Columns » Bob Lancaster

Bad theories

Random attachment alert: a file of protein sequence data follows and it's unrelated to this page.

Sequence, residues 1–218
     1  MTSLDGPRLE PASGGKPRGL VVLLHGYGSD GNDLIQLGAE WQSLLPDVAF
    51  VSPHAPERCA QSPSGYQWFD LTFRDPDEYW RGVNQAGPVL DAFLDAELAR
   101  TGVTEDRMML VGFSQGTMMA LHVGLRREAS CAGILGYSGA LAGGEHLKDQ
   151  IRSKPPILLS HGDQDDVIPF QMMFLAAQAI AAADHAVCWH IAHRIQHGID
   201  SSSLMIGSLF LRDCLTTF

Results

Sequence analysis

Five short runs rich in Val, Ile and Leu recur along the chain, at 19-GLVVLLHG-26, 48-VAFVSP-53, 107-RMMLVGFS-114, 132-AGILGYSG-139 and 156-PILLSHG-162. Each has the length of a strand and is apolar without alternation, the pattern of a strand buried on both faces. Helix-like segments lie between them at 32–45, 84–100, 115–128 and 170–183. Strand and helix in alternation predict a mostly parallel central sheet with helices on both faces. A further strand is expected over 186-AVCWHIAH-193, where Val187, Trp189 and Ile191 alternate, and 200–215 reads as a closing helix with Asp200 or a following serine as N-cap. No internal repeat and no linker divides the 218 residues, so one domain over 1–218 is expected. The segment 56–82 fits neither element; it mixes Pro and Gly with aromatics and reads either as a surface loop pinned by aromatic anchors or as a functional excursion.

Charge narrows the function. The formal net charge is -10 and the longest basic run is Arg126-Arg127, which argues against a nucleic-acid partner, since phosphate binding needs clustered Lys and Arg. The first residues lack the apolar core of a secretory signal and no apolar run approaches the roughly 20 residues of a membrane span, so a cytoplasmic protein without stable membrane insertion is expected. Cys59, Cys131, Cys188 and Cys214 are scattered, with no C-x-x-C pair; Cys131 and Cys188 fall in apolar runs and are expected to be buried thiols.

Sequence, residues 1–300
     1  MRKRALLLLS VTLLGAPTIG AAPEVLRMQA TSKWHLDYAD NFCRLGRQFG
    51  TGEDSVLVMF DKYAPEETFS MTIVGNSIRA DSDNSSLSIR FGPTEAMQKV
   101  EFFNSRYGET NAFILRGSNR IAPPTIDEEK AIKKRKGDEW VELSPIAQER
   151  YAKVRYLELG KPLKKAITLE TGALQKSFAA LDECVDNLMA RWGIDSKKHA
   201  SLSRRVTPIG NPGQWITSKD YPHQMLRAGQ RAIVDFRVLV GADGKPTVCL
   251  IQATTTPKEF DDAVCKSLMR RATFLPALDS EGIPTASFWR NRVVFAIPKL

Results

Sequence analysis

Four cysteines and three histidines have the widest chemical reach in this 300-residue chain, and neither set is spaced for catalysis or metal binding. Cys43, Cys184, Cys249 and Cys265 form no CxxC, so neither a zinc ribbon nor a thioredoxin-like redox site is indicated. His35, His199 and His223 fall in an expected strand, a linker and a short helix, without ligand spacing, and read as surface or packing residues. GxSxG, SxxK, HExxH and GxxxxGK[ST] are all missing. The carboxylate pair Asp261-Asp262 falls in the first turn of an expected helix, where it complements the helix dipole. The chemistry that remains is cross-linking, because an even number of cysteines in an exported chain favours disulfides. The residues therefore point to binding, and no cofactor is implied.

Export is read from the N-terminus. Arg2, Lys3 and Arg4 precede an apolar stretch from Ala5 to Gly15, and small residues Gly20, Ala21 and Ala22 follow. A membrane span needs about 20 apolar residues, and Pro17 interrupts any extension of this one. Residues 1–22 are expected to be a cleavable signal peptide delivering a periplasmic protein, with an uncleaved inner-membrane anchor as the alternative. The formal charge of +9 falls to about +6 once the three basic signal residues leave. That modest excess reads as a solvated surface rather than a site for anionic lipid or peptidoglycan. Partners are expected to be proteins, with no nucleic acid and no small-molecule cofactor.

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I’ve been reading the Good Book and have discovered it does indeed disallow the theory of evolution and most other theories as well. For instance, the Big Bang theory. Big Bang supposes a Big Banger, and the Bible likes that, but it also suggests that the creation was a messy, chaotic business, like some hippie artist’s workshop, with the Creator making it up as he went along. The Book says it didn’t happen that way a-tall. He had a plan in mind even before there was such a thing as a plan, before there was anything period except his incipient good intentions. Even in that planless nothing, he already knew he’d one day have to steer a cyclone that was threatening the 700 Club onto a different path just to get Bro. Pat Robertson to shut up about it. That’s what the Bible means when it says he works in mysterious ways. He knew before the first jackass ever brayed that that great hurricane of football-game prayers would come bawling in his direction also. Surely that occasioned the first sigh. Another for instance, the theory of relativity. Relativity is just another name for situation ethics, which means everybody can just do what they want to and not worry about it. This isn’t what Einstein intended it to mean, but the ramifications and implications just glommed onto the theory without his consent. So it came to pass that if you believe in relativity, it’s the same as saying you don’t believe in Absolute Truth. Good sanctimonious family-values Christians know there is, too, such a thing as absolute truth. It’s what we use to tell right from wrong, and to whomp our children with when they get them mixed up. And because it is absolute truth and not some pitiful-ass relative truth, we can whomp them as hard and as often as we want to without it looking like hypocrisy. Another example of a theory the Bible is 100 percent against is the Abortion Theory. This theory says abortions are OK and not a gruesome sin which will get you sent straight to Hell, which of course they are and will. The Abortion Theory was thought up by the U.S. Supreme Court, which is the nine-headed beast the Bible talks about in Revelation. The opposite of Abortion Theory is Anti-Abortion Theory, which says your basic fetus is already endowed with its government-guaranteed rights to life, liberty, and the pursuit of happiness even when it’s still too small for the naked eye. (You wouldn’t want to be peering in there on it, anyway, I wouldn’t think.) It’s OK to teach the Anti-Abortion theory in the schools because it’s not really theory; it’s scientific fact. The electron microscope has shown fetuses only one day old nodding yes when asked if they’d like to invoke their Miranda rights. So Anti-Abortion Theory is part of that Absolute Truth mentioned above, otherwise known as Intelligent Design, and as far as the Bible is concerned, it’s fine. The Bible doesn’t like Stem Cell Theory, either. You might haul me up here to say, “Whoa, BJ, they didn’t know about stem cells or any other kind of cells back when the Bible was written. Those old stinkers wouldn’t have known a stem cell if it had jumped up out of the bulrushes and bit them.” But you’d just be showing your ignorance. Because while those smelly goatherds and cave-hermit scribes might’ve written the words down, they didn’t think them up. We know who did that, and it was somebody already well versed in the use of stem cells, thank you very much. Stem Cell Theory says stem cells are just little bitty pieces of meat and it’s all right to chop them up or puree them to help cure people with terrible and life-threatening diseases. The way they work is like very small living-meat Band-Aids. It’s all right to torture them, separate them from their other family members, and do other Nazi and slave-trader experimental things to them, if there’s a good reason for it. The Bible condemns this theory, and so of course do Republicans and Christians, who believe that stem cells have their constitutional rights too and possibly individual souls. At least they have soul forms for their souls to grow into, if the Nazi choicers don’t get to them first. Yet another theory that reaps Scriptural scorn is the one that says we’re all equally obligated to eschew cussing. It just isn’t so. Certain p.c.’s who are special favorites of the Creator can cuss all they want. So Solomon could do all that nipple rhapsodizing, Jonah could tell the big fish to eat him, Paul could call whoever he wanted to a whoremonger, and David was allowed to describe Goliath to his squad leader as “the biggest mf they’ve got over there.” The Almighty merely let such bawdy talk pass, the same as he did for Bush calling reporters a-holes and his top aide something worse, and for the veep telling senators to go … well, you know what he said. The Republican Prerogative is a name for the belief that God rather enjoys the manliness of such manly GOP talk. Bro. Falwell likes to point out that the relevant commandment forbids bearing false witness, not coarse witness.

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